The geography for the stage of Bad Day at Black Rock (1955, set in 1945) is a massive barbell, choked in the middle by the single street of Black Rock, opening at either end into dusty orange desert vistas. John J. Macreedy (Spencer Tracy) arrives by ghost train at one end of the street, wanders back and forth to solve a mystery that resides somewhere in the wasteland at the other end. There is a story of the hard, bitter little city, the sins of all one-dozen-or-so residents, and the status of a missing Japanese farmer given the improbable name “Komoko”; this is the narrative meat proper, but the skeleton of Black Rock is filled out -- or picked away and revealed -- as the camera approaches each of these desert lizard-people as mysteries unto themselves. Macreedy is the town’s first visitor in four years, and the locals hate him before he steps into town, eyeing the slowing train with silent panic and confusion. Once they have to interact with him, every conversation is an exercise in concealing data, lying, talking circles around the topic. Getting information out of these people is like pulling teeth, and even the small talk is a particularly harsh enamel scraping.
So this is the shape of the Bad Day, Macreedy pacing and studying the land, everyone engaged in a game of Who Is the Coolest?, until all players crack and all secrets are outed. Each piece of character backstory or nugget of truth about their universe is hard won -- by Macreedy in most rounds, though sometimes he has to give some ground in the short view so an opponent will lower his guard. Who he is and what he wants, being the question actively playing on every set of lips in Black Rock, are the cards Macreedy won’t show until absolutely necessary. The allegorical wireframe about quiet, stoic heroism and insulated communities who poison their own wells is overlaid with the paper-mâché skin of its residents and weather-blasted buildings. The Bad Day is about a lot of things, macro and micro: the interment of Japanese-Americans during the second World War, the Hollywood blacklist, American racism, mob violence, the myth of the American West and various untenable molds of masculinity. The story in whole chews on these thoughts, the scenes are of people chewing on each other. So after a fashion, Bad Day’s scenes are driven by a question which is not “What Happened to Komoko?” but: “Who Is the Coolest?” This death match is determined through the gradual accumulation of curious details, actorly peculiarities; the Bad Day is the process of grit settling into grooves.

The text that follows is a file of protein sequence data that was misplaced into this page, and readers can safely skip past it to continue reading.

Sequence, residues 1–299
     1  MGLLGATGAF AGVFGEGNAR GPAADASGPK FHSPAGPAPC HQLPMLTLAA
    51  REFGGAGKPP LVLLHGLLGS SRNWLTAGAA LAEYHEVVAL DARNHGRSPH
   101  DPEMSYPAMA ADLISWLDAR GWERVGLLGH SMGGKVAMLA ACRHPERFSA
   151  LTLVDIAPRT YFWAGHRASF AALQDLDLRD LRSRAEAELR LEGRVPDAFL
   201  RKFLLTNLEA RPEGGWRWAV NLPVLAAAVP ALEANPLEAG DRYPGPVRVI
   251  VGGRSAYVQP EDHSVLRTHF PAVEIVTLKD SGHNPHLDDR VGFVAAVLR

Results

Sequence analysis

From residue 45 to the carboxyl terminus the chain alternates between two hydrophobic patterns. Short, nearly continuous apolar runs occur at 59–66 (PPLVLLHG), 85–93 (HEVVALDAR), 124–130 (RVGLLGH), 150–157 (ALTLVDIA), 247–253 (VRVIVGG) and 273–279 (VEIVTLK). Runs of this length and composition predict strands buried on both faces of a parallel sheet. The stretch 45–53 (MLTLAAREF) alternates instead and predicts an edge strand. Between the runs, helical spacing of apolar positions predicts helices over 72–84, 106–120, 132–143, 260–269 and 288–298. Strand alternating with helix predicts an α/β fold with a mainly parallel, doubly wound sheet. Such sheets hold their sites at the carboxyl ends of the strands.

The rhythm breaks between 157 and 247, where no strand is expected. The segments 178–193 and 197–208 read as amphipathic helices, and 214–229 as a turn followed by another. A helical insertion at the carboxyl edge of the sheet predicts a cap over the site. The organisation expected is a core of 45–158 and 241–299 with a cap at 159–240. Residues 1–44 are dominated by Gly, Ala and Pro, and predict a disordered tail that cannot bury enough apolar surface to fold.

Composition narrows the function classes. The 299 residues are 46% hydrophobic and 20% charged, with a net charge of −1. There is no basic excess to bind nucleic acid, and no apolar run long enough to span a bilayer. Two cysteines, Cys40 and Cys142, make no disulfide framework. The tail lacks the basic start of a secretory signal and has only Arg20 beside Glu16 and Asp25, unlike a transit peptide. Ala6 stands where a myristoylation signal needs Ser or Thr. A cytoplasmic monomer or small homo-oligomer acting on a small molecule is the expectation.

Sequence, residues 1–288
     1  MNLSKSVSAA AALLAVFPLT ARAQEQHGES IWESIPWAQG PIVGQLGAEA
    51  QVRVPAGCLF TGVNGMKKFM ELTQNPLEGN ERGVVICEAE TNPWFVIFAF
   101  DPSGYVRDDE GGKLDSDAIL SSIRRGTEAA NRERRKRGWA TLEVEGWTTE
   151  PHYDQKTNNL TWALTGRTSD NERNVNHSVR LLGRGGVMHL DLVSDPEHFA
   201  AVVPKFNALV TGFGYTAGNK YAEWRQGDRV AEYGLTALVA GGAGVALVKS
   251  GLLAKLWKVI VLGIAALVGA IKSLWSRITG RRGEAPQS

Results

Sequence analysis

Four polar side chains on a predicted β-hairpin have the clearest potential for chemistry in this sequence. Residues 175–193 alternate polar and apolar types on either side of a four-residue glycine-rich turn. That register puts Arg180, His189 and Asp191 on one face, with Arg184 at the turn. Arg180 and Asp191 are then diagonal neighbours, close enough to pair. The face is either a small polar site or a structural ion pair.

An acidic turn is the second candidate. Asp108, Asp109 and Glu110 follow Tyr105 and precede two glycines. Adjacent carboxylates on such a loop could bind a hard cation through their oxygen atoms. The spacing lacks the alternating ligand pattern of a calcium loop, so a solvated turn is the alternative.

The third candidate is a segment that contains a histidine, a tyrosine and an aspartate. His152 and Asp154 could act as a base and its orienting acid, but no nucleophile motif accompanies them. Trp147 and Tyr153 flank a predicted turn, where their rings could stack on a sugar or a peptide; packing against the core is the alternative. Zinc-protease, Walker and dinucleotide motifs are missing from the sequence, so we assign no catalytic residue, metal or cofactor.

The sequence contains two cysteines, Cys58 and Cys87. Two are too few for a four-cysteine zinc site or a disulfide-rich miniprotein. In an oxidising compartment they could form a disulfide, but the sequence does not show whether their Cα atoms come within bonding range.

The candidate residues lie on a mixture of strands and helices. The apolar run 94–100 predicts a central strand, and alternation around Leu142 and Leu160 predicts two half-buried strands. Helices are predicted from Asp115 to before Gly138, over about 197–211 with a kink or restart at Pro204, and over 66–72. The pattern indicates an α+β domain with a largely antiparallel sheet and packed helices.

Macreedy keeps one -- presumably useless -- arm stiff at his side, fist shoved deep into jacket pocket. Unseasonable black off-the-rack suit adhering to his torso, Macreedy’s sweat soaks through the fabric as he ambles about in the blazing sun; Tracy looks like a baked potato seeping butter through aluminum foil wrapping as he rolls about on a very large grill. He makes some kind of point of remaining uncomfortable in the heat, ordering hot coffee at lunch to accompany a bowl of chili, and later claims he is the kind of man who has “never thought much” about lemonade. In that particular competition, Macreedy wins against a nerve-jangled telegraph operator in just a few moves, and the poor fellow is starry-eyed in terror that he has met a man who has never even thought about lemonade.
Pete Wirth (John Ericson who later teamed up with Anne Francis again for Honey West on TV), the dumbbell hotel clerk seems to want to deny Macreedy a room because he makes a visual rhyme with the “one-armed bandit” slot machine in the corner. In an entrancing bit of business, Tracy opens a fresh pack of cigarettes with one hand. There is dialogue, perhaps it is even plot-related, but the whole picture is suddenly about the tension and marvel of Macreedy popping the wrapper and biting off confetti strips of the inner foil, spitting the paper to the floor.